WhatsApp Security Backdoor Allows Facebook and Others to Read Encrypted Messages

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Jan 13, 2017
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A new security backdoor has been discovered in WhatsApp which could potentially allow Facebook and others to read encrypted messages. While we already know that WhatsApp offers end-to-end encryption, the backdoor was found within the popular messaging app itself. Moreover, Facebook had previously claimed that no one, including the company itself, could read WhatsApp messages. The answer rests in the implemented end-to-end encryption protocol. So let’s see some more details on this WhatsApp security backdoor.

WhatsApp security vulnerability allows snooping in on encrypted messages

Intercepting and reading encrypted messages is a privacy breach which can be done by many institutions, including the government and other agencies. According to the privacy campaigners, the vulnerability discovered is a “huge threat to freedom of speech” and different types of agencies could snoop in on encrypted messages without a user’s consent.

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One of the major selling points of WhatsApp was privacy, that attracted many activists, diplomats and others in need of secure communication. With that said and the vulnerability discovered, WhatsApp could lose such users who’re in dire need of secure communication.

WhatsApp’s end-to-end encryption, developed by Open Whisper Systems, is based on the construction of unique security keys, making use of the acclaimed Signal protocol. The security keys are bartered among users and verified, ensuring that no medium is present in-between. However, WhatsApp does have the ability to generate new encrypted keys for users who are offline without their knowledge. They then allow the sender to encrypt messages and send them again for messages which have yet not been marked as delivered.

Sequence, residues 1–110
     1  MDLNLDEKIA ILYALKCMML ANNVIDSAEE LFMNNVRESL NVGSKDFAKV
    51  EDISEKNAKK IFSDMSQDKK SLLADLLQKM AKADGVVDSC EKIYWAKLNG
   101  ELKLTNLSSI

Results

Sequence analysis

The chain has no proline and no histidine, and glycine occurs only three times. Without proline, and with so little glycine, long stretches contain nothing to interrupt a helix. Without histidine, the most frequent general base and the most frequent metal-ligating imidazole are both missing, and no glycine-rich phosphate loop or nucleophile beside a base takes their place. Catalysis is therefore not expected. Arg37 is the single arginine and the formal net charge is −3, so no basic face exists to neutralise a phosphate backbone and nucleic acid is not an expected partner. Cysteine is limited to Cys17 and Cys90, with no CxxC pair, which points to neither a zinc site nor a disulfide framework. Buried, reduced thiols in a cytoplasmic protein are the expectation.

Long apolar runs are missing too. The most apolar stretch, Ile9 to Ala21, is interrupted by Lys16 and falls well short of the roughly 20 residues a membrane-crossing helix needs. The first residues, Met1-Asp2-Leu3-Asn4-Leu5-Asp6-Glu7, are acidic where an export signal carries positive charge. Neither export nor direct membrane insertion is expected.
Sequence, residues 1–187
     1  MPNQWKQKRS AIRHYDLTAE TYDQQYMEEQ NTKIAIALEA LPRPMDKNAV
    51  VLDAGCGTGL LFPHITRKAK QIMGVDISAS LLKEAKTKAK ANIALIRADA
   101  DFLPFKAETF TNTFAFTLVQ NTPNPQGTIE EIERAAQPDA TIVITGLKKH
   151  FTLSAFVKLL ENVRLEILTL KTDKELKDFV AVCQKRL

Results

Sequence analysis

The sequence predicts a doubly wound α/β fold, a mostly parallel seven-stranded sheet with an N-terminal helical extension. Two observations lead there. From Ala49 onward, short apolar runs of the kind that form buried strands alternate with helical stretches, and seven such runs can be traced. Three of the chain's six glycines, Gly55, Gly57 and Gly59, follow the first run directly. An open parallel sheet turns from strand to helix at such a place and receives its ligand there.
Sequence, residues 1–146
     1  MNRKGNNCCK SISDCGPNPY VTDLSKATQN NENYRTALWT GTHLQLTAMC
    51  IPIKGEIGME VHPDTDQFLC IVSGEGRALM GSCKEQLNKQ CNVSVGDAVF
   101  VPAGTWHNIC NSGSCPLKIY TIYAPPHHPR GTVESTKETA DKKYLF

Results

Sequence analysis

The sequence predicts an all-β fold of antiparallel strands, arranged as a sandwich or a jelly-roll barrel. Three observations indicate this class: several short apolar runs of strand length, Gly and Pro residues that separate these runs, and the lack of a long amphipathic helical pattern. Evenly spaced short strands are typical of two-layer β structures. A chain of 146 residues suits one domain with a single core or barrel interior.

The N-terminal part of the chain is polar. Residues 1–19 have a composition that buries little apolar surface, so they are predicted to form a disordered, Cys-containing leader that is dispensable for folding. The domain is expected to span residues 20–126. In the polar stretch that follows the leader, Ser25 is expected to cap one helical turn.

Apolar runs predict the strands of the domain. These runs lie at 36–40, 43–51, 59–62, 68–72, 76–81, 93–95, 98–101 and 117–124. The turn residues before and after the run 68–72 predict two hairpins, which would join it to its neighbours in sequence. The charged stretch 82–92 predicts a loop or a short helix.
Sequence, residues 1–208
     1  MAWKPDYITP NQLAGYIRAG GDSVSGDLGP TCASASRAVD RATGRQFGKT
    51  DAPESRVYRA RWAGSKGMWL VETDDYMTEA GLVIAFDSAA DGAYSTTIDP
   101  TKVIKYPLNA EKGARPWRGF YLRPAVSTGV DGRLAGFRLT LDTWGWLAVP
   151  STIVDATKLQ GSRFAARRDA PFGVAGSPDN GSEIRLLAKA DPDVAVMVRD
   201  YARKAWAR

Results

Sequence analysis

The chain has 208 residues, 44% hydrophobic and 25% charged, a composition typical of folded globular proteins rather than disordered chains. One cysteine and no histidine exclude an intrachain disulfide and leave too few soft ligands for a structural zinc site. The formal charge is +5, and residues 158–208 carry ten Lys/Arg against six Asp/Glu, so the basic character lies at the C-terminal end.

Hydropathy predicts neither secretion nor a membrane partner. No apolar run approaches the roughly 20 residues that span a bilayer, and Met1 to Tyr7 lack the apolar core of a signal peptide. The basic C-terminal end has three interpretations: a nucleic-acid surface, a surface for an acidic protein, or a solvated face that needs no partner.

In this changing process, the sender is notified only if he or she has opted-in to encryption warnings, and only if the messages have been sent again. The vulnerability was discovered by a security researcher at the University of California, Tobias Boelter. He stated to the Guardian that “if WhatsApp is asked by a government agency to disclose its messaging records, it can effectively grant access due to the change in keys.”

The issue was reported by Boelter to Facebook back in April of last year. Even though it was acknowledged by the company and that it was “expected behavior”, the company was not heavily working on it. Boelter further noted.

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“[Some] might say that this vulnerability could only be abused to snoop on ‘single’ targeted messages, not entire conversations. This is not true if you consider that the WhatsApp server can just forward messages without sending the ‘message was received by recipient’ notification (or the double tick), which users might not notice. Using the retransmission vulnerability, the WhatsApp server can then later get a transcript of the whole conversation, not just a single message.”

It all rests with time whether Facebook will work to fix the vulnerability for good. This is it, for now, folks. What are your thoughts on this WhatsApp security backdoor that allows Facebook and others to snoop in on encrypted messages? Let us know in the comments.

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